Psalm 16 - link to the NRSV text
Shorter post this week; I'm still recovering from Holy Week! If you'd like to leave a comment, I'd appreciate it.
The psalter for the Second Sunday of Easter is another instance where the early church used the Psalms to interpret the Easter events and to understand what God's new work in Jesus meant. This particular psalm is quoted two times in Acts (cf. Acts 2:25-27, 13:35), one time by Peter and the second by Paul, and it clearly sees Jesus as the "faithful one" (NRSV) in v. 10 who is not abandoned to Sheol and does not see the Pit. In fact, a portion of Peter's Pentecost sermon in which he quotes Psalm 16 is the Acts reading for the day, with Acts replacing the OT readings for the Easter season.
Regardless of whether or not Jesus is literally the "faithful one" mentioned in the psalm, it's an appropriate psalm to read and reflect on during the Easter season. The psalm contains four main movements: the psalmists petitions God for protection (v. 1), followed by a confession in the Lord as the source of all good things (v. 2). Tied to this confession is the psalmists declaration of or hope for the fate of those who choose other gods (vv. 3-4). [Side note: The Hebrew of these verses is messy; compare the NRSV with the NJPS translation.]
The third movement of the psalm is the psalmist's praise of the Lord (vv. 5-9). In vv. 5-6, inheritance and possession language is used; this echoes language in the book of Joshua that is used to describe the occupation of the promised land (see James Mays, Psalms, Interpretation, 87). But not only is the Lord the psalmist's inheritance and promise, but the Lord also gives counsel, and this counsel leads to "mindfulness" and the ability to "not be moved" (v. 8).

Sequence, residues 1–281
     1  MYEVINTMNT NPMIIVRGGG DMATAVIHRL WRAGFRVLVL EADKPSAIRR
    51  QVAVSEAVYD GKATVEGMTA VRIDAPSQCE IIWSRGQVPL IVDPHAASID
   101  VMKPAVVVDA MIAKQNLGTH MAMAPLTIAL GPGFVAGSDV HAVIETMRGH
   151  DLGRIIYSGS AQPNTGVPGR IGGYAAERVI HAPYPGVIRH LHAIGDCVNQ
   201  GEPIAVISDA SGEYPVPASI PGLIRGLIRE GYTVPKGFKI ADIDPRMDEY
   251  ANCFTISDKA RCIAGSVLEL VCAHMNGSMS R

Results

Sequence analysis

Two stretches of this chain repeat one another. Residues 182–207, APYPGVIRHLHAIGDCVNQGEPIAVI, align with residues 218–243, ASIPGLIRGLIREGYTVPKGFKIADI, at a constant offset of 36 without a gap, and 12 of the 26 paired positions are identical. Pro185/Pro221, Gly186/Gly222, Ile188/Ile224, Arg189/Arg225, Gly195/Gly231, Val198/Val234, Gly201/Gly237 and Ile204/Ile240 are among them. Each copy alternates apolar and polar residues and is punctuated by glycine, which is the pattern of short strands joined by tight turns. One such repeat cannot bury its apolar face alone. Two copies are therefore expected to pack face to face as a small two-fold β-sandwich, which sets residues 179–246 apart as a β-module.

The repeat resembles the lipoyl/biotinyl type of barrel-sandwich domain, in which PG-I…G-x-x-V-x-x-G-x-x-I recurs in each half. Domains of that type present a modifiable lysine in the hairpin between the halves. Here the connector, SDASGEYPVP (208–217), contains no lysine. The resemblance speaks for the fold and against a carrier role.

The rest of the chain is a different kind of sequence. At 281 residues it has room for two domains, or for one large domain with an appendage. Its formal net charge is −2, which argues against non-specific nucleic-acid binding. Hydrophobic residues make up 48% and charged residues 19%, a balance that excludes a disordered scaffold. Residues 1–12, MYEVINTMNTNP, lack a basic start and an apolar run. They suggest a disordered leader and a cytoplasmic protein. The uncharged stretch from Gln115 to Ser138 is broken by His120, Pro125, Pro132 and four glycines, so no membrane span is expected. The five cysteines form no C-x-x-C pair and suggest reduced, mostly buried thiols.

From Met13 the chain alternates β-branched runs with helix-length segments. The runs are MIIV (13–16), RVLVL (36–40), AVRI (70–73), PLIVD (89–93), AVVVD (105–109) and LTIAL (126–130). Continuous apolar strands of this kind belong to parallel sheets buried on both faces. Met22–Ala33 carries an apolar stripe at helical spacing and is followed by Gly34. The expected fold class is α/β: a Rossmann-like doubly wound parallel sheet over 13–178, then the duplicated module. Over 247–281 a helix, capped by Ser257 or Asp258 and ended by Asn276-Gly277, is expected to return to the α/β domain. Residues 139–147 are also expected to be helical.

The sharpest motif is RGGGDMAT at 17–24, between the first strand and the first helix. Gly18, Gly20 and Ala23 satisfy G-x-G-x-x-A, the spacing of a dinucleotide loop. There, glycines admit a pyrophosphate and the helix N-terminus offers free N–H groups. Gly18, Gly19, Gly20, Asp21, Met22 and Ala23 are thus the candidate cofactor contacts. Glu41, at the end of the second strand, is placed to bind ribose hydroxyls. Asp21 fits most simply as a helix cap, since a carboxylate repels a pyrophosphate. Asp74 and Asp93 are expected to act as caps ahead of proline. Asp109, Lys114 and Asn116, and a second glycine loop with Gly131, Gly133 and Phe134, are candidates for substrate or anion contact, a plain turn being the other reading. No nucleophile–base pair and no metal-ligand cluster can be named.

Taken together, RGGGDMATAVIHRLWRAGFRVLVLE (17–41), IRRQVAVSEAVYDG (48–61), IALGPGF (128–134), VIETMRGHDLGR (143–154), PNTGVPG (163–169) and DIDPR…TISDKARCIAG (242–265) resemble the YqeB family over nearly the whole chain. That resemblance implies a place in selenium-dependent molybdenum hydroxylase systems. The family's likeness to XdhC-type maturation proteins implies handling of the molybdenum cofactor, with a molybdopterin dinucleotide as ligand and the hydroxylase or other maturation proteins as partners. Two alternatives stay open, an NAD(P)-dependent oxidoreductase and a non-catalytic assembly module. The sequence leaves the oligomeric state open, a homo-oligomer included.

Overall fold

Thus there is rejoicing in the "heart" and "soul" and there is rest in the "body" (v. 9). This three-fold repetition of parts of the self echoes Deuteronomy 6:5, though the only common Hebrew word is "heart." It is possible that a rhythmic pattern of repetition might have been a way to speak of the whole self, ala "heart," "being," and "might" in Deut 6:5, though this is just speculation on my part at first glance.
The final movement is found vv. 10-11, where the "fate" of the psalmist is laid out, and that fate is life. v. 10 professes the psalmists deliverance from the place of death ("Sheol" and the "Pit" operating in parallel). The NRSV makes it seem like there is a connection between the end of v. 10 and the beginning of v. 11 ("not...let your faithful one see" and "You show me..."), but the Hebrew more properly says that "you do not...let your faithful one see" and "you teach me" or "cause me to know" the path/way of life (see the NJPS again). But what is this path of life? The end of verse 11 might be the answer: the presence and the right hand of the Lord, which is the psalmist's "joy" and "pleasures."
Many people across time and throughout the earth have prayed similar prayers to verse 1: "Protect me, O God, for in you I take refuge." The psalm offers us two answers to that prayer: first, the Lord is our portion, our cup, and our strength. The psalm echoes Israel's salvation history through this portion and inheritance language, seeing a tie between God's actions in the past and God's actions in the present and possibly future. This tie with Israel's past also suggests that this psalm also possibly could have been a prayer by the exilic and early post-exilic communities (see Mays, 88).
The hope of the psalmist found in vv. 10-11 echoes the hope of Easter, yet the hope of this psalm is not one restricted to Easter; it is the prayer and hope of all people of faith in the darkness of this life. As you move away from Easter and towards Pentecost, let us remember that the Easter hope is not restricted to one day a year alongside chocolate bunnies and painted eggs, but is the very hope in which we find our strength, for God in Jesus has not abandoned us to Sheol, and has not allowed the power of death to bind us. Instead, the hope is that through the death and resurrection of Jesus, who was not abandoned to the Pit, we too can be taught the path of life, and that in God's presence there is finally and truly "fullness of joy."